Reintroduction of visas “not very likely”

BRUSSELS -- Several EU member states have announced that they will launch a procedure in late October that will allow them to quickly suspend Serbia’s visa-free regime.

However, European Stability Initiative’s expert Alexandra Stiegelmeier believes that reintroduction of visas for Serbian citizens is not very likely.

Tanjug has learnt from diplomatic sources in Brussels that Germany, Belgium, Luxembourg, Sweden and the Netherlands will request that a procedure to reintroduce visas for Serbia and Macedonia at the EU interior ministers’ meeting on October 25.

German politicians, especially Bavaria's Interior Minister Joachim Herrmann, have been demanding that visas be reintroduced for Serbians and Macedonians due to the high number of false asylum seekers.

“However, there is no mechanism in the EU so far that will enable such a request to be implemented fast and easy,” Stiegelmeier told Tanjug.

“Not a single EU member state, not even Germany, can unilaterally suspend the visa-free regime because it would represent a gross violation of the Schengen Treaty,” she explained.

Stiegelmeier pointed out that there was a possibility that the EU member states would adopt a mechanism, that was proposed by the European Commission (EC) in May 2011, which would allow a quick suspension of the visa-free regime.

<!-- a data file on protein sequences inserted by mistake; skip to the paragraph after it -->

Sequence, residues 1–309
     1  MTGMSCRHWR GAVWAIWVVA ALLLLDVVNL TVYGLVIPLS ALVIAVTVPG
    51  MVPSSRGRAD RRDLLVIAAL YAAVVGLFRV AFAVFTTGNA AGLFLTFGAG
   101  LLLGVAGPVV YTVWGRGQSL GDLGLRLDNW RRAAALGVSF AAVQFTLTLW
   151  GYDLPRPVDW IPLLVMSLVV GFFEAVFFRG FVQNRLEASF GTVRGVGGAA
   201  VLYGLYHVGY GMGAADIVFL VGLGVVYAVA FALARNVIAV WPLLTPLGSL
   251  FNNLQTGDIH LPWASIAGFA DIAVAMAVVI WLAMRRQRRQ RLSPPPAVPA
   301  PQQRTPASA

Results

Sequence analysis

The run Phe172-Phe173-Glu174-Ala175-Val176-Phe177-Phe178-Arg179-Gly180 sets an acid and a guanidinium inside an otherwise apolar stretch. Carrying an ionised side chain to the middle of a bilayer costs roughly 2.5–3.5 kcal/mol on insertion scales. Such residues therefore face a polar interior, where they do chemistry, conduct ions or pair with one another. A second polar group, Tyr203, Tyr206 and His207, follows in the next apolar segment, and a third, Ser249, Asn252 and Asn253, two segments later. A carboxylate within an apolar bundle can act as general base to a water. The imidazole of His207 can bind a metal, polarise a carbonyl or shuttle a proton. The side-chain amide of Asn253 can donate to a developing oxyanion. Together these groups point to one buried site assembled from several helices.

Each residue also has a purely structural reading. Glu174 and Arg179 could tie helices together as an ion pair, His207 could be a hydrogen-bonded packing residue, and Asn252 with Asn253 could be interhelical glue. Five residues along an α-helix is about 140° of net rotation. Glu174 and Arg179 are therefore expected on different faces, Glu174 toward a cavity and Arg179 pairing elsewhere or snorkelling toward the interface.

“All Germany can do is exert pressure on the European Council to send the amendment on the suspension procedure to the Parliament for urgent adoption,” she explained.

“Even if this scenario came true, it would take at least six months to adopt the mentioned mechanism and even then it is not sure that it could be applied to Serbia,” Stiegelmeier said.

“The mechanism envisages that visas can be reintroduced if the number of asylum seekers from a country suddenly increases in a period of six months and the increase in the number of asylum seekers that Germans are complaining about has a short-term character,” she pointed out.

“In fact, if you look at the annual level, the number of asylum seekers from Serbia has dropped in the past two years,” Stiegelmeier noted.

“All this means that the Serbian citizens will be able to travel to the EU without collecting a bunch of papers and going through a long, humiliating procedure in consulates in the foreseeable future. On the other hand, if the Serbian authorities do not start seriously dealing the causes of collective trips to Europe for just several hundreds of euros a month, in the long run it is possible that visas will be reintroduced,” she concluded.